Dogs in holiday sweaters. Riders on horseback. Tractors festooned with reindeer antlers. And of course, children everywhere, craning to get a look at Santa, squatting to pick up candy thrown out of passing parade floats and tugging their parents onto the next activity or cup of hot chocolate. Throw in a live soundtrack performed by choir students from six elementary schools, two middle schools and Yelm High School, plus two bands, and you have Christmas in the Park, Yelm’s annual celebration of community spirit.
On December 7, the Yelm Chamber of Commerce and City of Yelm hosted the 31st annual event and this year, the weather cooperated. This year’s theme was the T’was the Night, a concept developed by the Chamber’s Activities Committee. “We wanted something that was fun and really captured the holiday magic and spirit of this event,” says Line Critchfield, chamber executive director. “This theme made it easy for people to come up with their own ideas and really get into the spirit of Christmas.”
In this year’s parade, volunteers of the Yelm Parks Advisory Committee Bill and Sara DeVore were named as the Grand Marshals based on their service to the Yelm Community. Bill has been with the Yelm Police Department since 1995 and was recently awarded Best Law Enforcement Officer in the Best of Nisqually contest, facilitated by the Nisqually Valley News. The couple dedicates time to the Justin D. Norton Scholarship Fund, Cuffs-n-Trucks Golf Tournament, and Crimestoppers, as well as conducting fundraising events for community groups through the 507 Taproom and Filling Station, a new business they own. “We are so grateful to have caring and compassionate individuals who dedicate countless hours to benefit our community,” says Critchfield.
The Chamber of Commerce hosts the parade and coordinates with the City of Yelm Police and Public Works Departments to reroute traffic and allow for nearly 60 businesses and organizations to march down Yelm Avenue. The City hosts the festival at Yelm City Park and is facilitated by a dedicated group of volunteers who make this event possible.
Indeed, parade participants went all out, decking their floats with a visual feast of holiday cheer. Soccer clubs, unicyclists, cheerleaders, the Yelm High School marching band, and a variety of local businesses and nonprofits walked, drove, rode, and danced their way down the Main Street. Intercity Transit’s Jingle Bus made an appearance, as did the Thurston County Posse, a charitable horse riding organization.
But perhaps the most memorable sight came toward the end, when nearly a dozen bright orange J&I Power Equipment tractors hit the road covered in holiday decor. It was an appropriate symbol for a rural town with deep ties to agriculture.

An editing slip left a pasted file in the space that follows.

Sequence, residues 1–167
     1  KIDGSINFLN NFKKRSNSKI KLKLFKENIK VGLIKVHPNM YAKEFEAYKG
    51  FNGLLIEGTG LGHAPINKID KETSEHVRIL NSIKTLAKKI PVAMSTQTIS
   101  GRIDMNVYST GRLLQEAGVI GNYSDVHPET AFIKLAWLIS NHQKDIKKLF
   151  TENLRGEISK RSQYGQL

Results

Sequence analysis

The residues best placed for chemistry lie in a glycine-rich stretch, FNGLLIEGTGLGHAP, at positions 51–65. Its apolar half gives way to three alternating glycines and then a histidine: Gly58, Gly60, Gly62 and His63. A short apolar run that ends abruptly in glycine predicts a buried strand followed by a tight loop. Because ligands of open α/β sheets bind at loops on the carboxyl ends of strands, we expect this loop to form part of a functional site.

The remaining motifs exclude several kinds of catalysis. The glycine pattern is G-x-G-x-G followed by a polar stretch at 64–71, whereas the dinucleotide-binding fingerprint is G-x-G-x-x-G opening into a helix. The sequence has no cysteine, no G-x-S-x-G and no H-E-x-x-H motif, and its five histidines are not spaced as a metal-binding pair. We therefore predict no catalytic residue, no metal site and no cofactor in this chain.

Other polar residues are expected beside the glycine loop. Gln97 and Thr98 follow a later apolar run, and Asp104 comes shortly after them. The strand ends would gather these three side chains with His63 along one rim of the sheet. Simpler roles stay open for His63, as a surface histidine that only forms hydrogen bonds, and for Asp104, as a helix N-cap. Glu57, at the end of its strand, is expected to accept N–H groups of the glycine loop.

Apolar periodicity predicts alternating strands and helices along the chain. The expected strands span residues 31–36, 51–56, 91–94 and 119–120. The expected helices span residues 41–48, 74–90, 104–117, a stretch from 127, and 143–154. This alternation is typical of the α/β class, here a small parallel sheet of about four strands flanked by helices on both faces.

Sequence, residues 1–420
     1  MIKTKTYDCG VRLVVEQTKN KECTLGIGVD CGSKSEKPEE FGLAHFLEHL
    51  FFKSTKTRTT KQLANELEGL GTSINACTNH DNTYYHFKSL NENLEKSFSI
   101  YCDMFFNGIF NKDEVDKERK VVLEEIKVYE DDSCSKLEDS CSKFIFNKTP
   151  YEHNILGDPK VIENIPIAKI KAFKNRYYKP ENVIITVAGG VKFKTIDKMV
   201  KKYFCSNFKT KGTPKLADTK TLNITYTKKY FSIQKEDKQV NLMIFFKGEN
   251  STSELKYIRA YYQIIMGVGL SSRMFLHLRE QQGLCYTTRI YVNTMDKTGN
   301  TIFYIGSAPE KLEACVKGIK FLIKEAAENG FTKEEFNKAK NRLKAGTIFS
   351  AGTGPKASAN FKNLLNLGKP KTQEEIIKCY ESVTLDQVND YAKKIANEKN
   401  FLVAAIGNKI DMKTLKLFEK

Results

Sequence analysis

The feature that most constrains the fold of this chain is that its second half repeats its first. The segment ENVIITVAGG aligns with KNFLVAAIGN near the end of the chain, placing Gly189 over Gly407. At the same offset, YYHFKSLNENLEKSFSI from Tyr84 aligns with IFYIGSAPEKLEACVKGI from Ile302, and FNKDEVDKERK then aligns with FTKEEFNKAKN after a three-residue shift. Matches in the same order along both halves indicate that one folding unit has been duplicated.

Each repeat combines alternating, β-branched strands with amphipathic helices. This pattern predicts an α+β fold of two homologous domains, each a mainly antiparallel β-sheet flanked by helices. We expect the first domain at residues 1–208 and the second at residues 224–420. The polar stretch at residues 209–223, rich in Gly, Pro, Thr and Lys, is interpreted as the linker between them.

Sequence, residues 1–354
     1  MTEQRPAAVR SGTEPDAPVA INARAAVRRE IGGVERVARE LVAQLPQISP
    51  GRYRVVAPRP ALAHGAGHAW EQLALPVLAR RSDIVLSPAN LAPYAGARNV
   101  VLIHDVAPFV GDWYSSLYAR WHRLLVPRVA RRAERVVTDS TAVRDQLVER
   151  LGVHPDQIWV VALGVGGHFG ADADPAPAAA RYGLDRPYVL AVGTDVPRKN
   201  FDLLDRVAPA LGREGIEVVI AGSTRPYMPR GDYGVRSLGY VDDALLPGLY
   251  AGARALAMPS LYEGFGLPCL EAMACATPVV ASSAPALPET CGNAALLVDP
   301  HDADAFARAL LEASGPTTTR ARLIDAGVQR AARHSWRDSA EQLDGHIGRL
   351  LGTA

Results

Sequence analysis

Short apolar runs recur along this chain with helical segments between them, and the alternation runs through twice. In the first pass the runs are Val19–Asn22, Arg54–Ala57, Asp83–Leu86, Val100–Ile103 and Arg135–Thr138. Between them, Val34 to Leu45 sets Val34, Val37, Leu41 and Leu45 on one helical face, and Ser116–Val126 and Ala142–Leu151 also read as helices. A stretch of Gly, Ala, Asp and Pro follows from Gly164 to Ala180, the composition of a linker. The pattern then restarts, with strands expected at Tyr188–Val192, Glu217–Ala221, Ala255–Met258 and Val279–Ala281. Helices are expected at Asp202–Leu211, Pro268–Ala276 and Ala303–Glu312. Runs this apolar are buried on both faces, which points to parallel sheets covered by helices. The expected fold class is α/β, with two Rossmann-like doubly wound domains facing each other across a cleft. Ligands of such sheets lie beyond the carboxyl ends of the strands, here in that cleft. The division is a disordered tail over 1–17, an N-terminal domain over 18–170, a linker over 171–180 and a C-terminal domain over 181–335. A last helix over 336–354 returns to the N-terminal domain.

Once the procession ended, it was time for the crowd to shift over to the city park where church and community groups were waiting with food, hot drinks and activities for children.
The spicy and sweet aroma of ginger and candy filled the inside the Community Center as attendees observed little houses framed with candy canes, rooftops made of graham crackers and gumdrops, and lawns made of cotton candy. Not to mention the first place winner, an impressive gingerbread replica of the new Yelm Middle School rendering, created by Yelm Middle School students. On the other side of the Community Center, hundreds of families lined up to get their free pictures with Santa, provided by City staff.
Just outside of the Community Center, the choirs took turns performing holiday songs, the accumulation of five weeks of practicing. “It’s part of a larger district involvement where groups from each of the elementary schools, the middle schools and the high school come and sing Christmas music they’ve been working on in class for a half-hour time slot,” says Mary Rivera, Yelm Middle School choir teacher. “It’s our chance to perform for the community.”
For Yelm Mayor JW Foster, it was a nostalgic occasion. “This is my 23rd year attending Christmas in the Park,” says Foster. “Every year our kids were in those musical groups or reading their Christmas essays. Now that my own kids are grown, I get to enjoy Christmas in the Park from a different angle. I get to see all of the other families interact and watch their own students and it warms my heart to see how proud parents are of their kids during those performances.”
Rivera rotates her song selection each year so even if students have previous choir experience, they’ll need to learn new songs for the Christmas in the Park performance. This year, her choir learned eight new songs that included two-part to four-part arrangements. Given that they began working on these songs at the end of October, it wasn’t much time to learn them. “It gives all of us a clear idea of what it takes to learn a piece of music well and how to apply what they’ve learned in September and October,” says Rivera.
The experience provides an opportunity to adapt to an outdoor venue with varying weather conditions. “We were fortunate this year that it didn’t rain or snow,” she says. “When you’re outside in the rain under a cover that may not fit everyone, it’s a whole different feeling. It gives them an understanding of how different it is performing outdoors in the weather versus inside in a space designed for their sound.”
Over the years, Rivera said she has received overwhelmingly positive feedback from the audience and this year was no different. Christmas in the Park is a very unique event,” she says. Many people come here from other areas and they’re very impressed that it’s such a family-friendly festival. Not very many communities do things like this.”
Look for information for Christmas in the Park 2020 on the City of Yelm website.